LG B4 vs C4: the differences between the affordable 2024 OLED TVs

65-inch LG C4 TV photographed straight-on on a wooden stand. On the screen is an image of a golfer celebrating.
(Image credit: What Hi-Fi? / Netflix, Full Swing)

LG OLEDs are consistently among some of the most impressive TVs every year, so news of the next generation of sets is always an exciting part of the CES show every January. This week at CES 2024, right on cue, the LG OLED TV lineup for 2024 has been announced, with the B4 and next-model-up C4 the most accessible of the lot. These succeed last year's B3 and Award-winning C3 respectively.

So, the question arises: will the new entry-level B4 be enough of a TV, or should you start saving for the mid-range C4?

It's a particularly interesting head-to-head this year. The B4 has received some key upgrades over last year's B3 that make this entry-level OLED model feel less entry-level than before, while the C4 is perhaps further away from the next-model-up G4 than the two models have ever been. 

Now we've had the C4 in for a full review (and thoroughly impressed we were too) we've added a bit more context here, but until we've had some proper time with B4, just be aware that the comparisons remain somewhat speculative.

LG B4 vs C4: price

The 65-inch LG C4 TV photographed straight-on with the webOS homepage on the screen.

The LG C4 in our testing room (Image credit: What Hi-Fi?)

As you'd expect, the pricing for the B4 is lower than the C4, and it isn't available in as many sizes – and even fewer if you're buying in Australia. 

For UK and Australian buyers, both sets are cheaper than their predecessors launched at, while US buyers see a small uplift in pricing on the C4, but the B4 remains around the same.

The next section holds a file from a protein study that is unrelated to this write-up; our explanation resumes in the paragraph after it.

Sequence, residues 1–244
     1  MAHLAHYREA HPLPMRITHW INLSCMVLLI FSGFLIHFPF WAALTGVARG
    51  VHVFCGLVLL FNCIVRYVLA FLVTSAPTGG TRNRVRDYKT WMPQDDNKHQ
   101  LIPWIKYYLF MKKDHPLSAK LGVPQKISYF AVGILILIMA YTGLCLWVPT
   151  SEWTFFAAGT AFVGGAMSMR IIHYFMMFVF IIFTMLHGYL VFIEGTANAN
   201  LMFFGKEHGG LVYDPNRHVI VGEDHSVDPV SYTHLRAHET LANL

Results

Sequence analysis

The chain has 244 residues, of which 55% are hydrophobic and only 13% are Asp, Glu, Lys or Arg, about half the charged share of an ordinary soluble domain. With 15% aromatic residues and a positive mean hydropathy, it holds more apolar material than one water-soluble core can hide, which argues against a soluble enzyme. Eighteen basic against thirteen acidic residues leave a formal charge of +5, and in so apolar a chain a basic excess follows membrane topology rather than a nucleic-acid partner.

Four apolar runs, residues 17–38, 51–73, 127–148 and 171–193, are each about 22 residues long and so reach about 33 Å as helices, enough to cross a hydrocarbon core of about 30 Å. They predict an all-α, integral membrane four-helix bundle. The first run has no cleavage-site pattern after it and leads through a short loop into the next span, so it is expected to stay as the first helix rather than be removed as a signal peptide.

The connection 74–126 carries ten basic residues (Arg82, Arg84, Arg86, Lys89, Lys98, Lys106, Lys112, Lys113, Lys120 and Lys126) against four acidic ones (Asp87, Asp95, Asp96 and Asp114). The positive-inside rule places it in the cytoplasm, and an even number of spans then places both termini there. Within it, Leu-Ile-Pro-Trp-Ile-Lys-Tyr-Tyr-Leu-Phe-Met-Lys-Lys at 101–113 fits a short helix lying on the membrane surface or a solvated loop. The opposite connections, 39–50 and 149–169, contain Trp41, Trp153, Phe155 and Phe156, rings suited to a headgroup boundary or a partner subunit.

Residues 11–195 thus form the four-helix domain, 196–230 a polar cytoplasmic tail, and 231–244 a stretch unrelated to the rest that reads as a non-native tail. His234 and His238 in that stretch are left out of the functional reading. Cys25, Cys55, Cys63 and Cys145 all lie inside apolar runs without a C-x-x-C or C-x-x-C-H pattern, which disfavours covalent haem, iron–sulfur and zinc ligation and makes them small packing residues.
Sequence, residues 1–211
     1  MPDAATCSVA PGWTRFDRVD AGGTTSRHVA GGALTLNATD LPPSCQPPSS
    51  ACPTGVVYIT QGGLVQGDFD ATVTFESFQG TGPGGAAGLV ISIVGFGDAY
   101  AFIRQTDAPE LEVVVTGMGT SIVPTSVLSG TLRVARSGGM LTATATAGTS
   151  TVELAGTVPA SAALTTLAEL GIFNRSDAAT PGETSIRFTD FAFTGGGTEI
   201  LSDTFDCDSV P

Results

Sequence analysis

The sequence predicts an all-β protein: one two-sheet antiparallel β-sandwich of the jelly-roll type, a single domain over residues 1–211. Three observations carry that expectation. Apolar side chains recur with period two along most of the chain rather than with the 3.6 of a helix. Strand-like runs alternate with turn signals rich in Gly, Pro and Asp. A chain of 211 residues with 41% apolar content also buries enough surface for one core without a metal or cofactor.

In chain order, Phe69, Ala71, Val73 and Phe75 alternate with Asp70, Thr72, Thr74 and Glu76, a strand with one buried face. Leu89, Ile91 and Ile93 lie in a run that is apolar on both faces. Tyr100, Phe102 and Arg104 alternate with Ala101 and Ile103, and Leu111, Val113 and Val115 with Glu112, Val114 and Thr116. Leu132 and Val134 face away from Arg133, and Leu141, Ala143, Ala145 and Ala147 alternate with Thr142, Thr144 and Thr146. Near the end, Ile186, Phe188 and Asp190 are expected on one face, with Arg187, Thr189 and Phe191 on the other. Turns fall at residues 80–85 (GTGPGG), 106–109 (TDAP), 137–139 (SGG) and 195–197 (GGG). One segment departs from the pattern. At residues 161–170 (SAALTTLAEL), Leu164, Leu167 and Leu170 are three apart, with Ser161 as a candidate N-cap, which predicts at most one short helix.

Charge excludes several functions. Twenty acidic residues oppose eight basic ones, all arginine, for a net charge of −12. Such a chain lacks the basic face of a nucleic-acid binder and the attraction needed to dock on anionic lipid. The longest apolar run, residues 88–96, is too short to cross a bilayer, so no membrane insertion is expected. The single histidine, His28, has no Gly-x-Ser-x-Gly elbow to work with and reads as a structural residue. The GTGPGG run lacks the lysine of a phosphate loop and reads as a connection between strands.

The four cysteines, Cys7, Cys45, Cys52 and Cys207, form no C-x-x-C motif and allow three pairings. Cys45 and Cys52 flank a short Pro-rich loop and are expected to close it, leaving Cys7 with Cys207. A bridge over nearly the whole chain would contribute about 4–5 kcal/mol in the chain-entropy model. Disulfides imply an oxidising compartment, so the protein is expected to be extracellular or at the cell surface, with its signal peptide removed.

Swipe to scroll horizontally
42N/A£1400 / $1499 / AU$2199
48N/A£1500 / $1599 / AU$2499
55£1700 / $1699 / AU$2499£1900 / $1999 / AU$3299
65£2500 / $2199 / AU$3299£2700 / $2699 / AU$4299
77£3500 / $3299 / N/A£3800 / $3699 / AU$5999
85N/A£6000 / $5399 / AU$7999

LG B4 vs C4: specs

The LG B4 OLED TV photographed on a white shelf with rocky scenery on the screen

LG B4 on demo (Image credit: Future)

The biggest difference between the two models comes down to the C4's Evo panel, a superior Alpha 9 processor, and a bump up to a 144Hz refresh rate. 

The B4 offers four full bandwidth HDMI 2.1 sockets for 4K/120Hz gaming, compared to the two HDMI 2.1 ports on last year's B3. The C4 also packs in four HDMI 2.1 ports, sticking with the same number as last year's C3.

The B4 gets an Alpha 8 processor, while the C4 gets an upgraded version of the Alpha 9 processor that featured in the C3. When it comes to AI enhancement performance, the C4's Alpha 9 looks to offer some advantages over the B4's Alpha 8, such as AI Sound Pro, which can process virtual 11.1.2 surround upmixing. 

As with the B3, the panel on the B4 isn't a next-gen OLED Evo. The C4's is, however, which produces a brighter, more vibrant picture. This and the difference in processor should see the C4 produce a superior picture.

Elsewhere, the B4 offers a 120Hz refresh rate compared to the C4's 144Hz refresh rate, though both models support important gaming features like VRR and ALLM. Both have the latest version of LG's webOS 24 operating system as well as built-in Chromecast.

There's no doubt the C4 has more impressive specs, which certainly play out in reality too. It's precisely what you'd expect from the next model up over the B4, but the gap between these two TVs is by no means gigantic. How those differences translate in practice and how wide the gap is between their RRPs will determine which proves the better value TV. 

We'll be able to make that call a little easier once we've reviewed the B4 in full, but if your budget will stretch to the C4, we don't think you'll be disappointed.

LG B4 vs C4: picture

65-inch LG C4 TV photographed straight-on on a wooden stand. On the screen is an image of a golf course.

Last year's B3 OLED (Image credit: What Hi-Fi? / Netflix, Full Swing)